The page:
• However, parochial schools are religious schools,
    and they are not under the rules of DESE
  • Example, Catholic High School

10
Religion and Education
  • In Everson v. Board of Education, law requiring
    the public to pay for buses (even parochial
    buses) was against the establishment clause
  • Released Time
  • Allowed public schools to release students during
    school hours to attend religious classes on
    school grounds
  • Considered illegal by the Supreme Court

11
Religion and Education (Cont)
  • Prayers and the Bible
  • Continually the Supreme Court has held that the
    requirement of prayer to be unconstitutional
  • Including before a public school graduation or
    football game
  • Student Religious Groups
  • Students are allowed to create religious groups
    at schools, as long as they are supported similar
    to other student groups at the school
  • Evolution
  • Cannot forbid the teaching of evolution

12
Religion and Education (Cont)
  • Aid to Parochial Schools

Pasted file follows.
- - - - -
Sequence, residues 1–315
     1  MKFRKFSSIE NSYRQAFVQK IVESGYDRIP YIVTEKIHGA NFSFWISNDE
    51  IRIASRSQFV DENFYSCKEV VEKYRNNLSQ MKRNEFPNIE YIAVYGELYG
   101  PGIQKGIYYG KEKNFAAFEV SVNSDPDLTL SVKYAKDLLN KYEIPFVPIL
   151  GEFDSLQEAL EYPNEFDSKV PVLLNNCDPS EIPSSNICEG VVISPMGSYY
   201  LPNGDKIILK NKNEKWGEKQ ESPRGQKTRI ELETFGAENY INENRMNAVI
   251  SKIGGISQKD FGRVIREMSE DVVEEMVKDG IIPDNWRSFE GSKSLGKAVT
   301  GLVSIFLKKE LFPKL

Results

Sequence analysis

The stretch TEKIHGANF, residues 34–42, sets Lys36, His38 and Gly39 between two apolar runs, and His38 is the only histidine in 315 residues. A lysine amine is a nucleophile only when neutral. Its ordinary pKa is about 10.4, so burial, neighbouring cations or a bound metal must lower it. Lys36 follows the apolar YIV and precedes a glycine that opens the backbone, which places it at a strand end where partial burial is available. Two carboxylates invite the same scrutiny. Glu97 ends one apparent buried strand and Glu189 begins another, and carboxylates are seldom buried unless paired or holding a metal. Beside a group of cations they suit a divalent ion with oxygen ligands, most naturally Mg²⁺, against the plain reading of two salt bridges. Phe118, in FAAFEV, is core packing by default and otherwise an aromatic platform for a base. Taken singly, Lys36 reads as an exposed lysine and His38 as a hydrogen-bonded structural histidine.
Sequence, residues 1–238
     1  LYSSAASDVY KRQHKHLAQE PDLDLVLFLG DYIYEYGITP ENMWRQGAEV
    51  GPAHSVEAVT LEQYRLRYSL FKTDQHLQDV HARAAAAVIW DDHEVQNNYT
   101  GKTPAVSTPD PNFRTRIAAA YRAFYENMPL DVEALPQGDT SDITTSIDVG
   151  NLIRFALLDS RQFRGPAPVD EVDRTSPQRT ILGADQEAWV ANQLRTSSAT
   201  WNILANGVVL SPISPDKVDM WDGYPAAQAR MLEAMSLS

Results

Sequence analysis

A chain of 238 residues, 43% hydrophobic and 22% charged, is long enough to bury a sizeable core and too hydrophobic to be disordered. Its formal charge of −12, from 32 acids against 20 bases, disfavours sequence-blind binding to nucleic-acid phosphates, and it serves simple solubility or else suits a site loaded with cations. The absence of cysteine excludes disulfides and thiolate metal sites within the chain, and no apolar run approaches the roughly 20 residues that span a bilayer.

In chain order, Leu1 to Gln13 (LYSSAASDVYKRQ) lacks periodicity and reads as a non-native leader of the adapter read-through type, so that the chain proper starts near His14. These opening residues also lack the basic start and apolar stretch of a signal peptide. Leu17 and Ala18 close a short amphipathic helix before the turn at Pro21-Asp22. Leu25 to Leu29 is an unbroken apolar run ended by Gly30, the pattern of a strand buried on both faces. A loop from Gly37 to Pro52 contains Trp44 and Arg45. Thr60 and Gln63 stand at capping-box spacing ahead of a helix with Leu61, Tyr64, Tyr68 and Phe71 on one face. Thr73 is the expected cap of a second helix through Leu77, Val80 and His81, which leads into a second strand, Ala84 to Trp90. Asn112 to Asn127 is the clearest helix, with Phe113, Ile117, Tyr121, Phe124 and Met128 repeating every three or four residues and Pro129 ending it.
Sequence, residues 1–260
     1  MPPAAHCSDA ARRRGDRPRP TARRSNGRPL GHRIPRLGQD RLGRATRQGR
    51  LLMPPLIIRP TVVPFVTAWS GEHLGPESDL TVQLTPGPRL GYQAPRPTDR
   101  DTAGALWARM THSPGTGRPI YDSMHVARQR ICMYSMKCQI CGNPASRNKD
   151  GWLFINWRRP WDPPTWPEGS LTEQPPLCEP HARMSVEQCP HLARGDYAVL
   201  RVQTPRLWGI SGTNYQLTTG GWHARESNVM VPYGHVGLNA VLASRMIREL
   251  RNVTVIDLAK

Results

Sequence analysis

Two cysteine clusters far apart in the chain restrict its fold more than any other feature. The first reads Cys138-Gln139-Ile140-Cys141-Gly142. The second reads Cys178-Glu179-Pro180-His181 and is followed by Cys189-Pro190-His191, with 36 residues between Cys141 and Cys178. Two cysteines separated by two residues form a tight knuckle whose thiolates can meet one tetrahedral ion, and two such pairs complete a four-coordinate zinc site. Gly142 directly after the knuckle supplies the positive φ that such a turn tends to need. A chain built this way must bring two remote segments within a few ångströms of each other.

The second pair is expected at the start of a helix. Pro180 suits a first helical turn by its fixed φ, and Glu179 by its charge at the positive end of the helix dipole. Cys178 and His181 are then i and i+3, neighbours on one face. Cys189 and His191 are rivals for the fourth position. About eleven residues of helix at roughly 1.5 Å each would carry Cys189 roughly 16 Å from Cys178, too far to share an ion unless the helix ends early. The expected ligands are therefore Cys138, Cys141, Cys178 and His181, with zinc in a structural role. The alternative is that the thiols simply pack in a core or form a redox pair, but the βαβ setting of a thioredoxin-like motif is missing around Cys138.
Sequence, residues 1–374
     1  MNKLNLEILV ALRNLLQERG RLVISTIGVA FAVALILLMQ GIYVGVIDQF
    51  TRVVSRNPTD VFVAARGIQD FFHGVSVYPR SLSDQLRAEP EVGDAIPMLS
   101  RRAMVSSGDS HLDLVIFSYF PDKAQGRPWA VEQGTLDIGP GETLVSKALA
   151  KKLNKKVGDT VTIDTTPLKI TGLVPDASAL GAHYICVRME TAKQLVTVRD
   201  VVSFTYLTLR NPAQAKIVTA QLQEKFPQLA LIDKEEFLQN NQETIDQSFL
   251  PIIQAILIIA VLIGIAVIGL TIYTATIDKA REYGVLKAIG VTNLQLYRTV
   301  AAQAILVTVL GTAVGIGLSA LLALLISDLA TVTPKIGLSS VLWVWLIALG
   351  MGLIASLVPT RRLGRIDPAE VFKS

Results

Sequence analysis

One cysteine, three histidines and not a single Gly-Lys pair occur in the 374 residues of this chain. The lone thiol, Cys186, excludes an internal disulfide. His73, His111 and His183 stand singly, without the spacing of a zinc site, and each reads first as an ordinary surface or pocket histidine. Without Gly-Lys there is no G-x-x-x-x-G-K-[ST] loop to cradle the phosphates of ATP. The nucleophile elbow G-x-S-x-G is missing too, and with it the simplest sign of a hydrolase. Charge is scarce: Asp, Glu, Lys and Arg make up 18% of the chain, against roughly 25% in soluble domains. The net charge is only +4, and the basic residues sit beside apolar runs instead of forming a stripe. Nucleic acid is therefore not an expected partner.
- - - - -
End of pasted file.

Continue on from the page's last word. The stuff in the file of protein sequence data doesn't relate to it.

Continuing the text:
• Whether or not states should provide funding for
    private religious school districts
  • The Lemon Test
  • Purpose of the aid is clearly secular, not
    religious
  • Its primary effect neither enhances or inhibits
    religion
  • It avoids an excessive entanglement of government
    with religion
  • However, not completely clear cut from Supreme
    Court

13
Other Establishment Clause Cases
  • Seasonal Displays
  • Supreme Court has held that public organizations
    can put up Christmas decorations, as long as they
    show other religious symbols as well
  • ACLU continually attacks this issue
  • Chaplains
  • Legislative meetings can begin with prayer
    because
  • tradition
  • Legislators are not like school children and are
    not susceptible to religious indoctrination or
    peer pressure

14
The Free Exercise Clause
  • Guarantees to each person the right to believe
    whatever he or she chooses to believe in matters
    of religion
  • However, one cannot violate criminal laws, offend
    public morals, or otherwise threaten the safety
    of the community
  • Limits on Free Exercise
  • Multiple cases involving the restriction of
    individual freedom

15
The Free Exercise Clause (Cont)
  • Free Exercise Upheld
  • The government is limited on restricting
    individual freedoms
  • Amish only go to school till 8th grade
  • Jehovah witnesses have the right to not salute
    the U.S. flag

16
Section 3
  • Freedom of Speech and Press

17
The Free Exchange of Ideas
  • 1st and 14th amendments provide certain
    fundamental rights
  • Each person a right of free expression in all
    means of communication
  • Guarantee to all person a full, wide ranging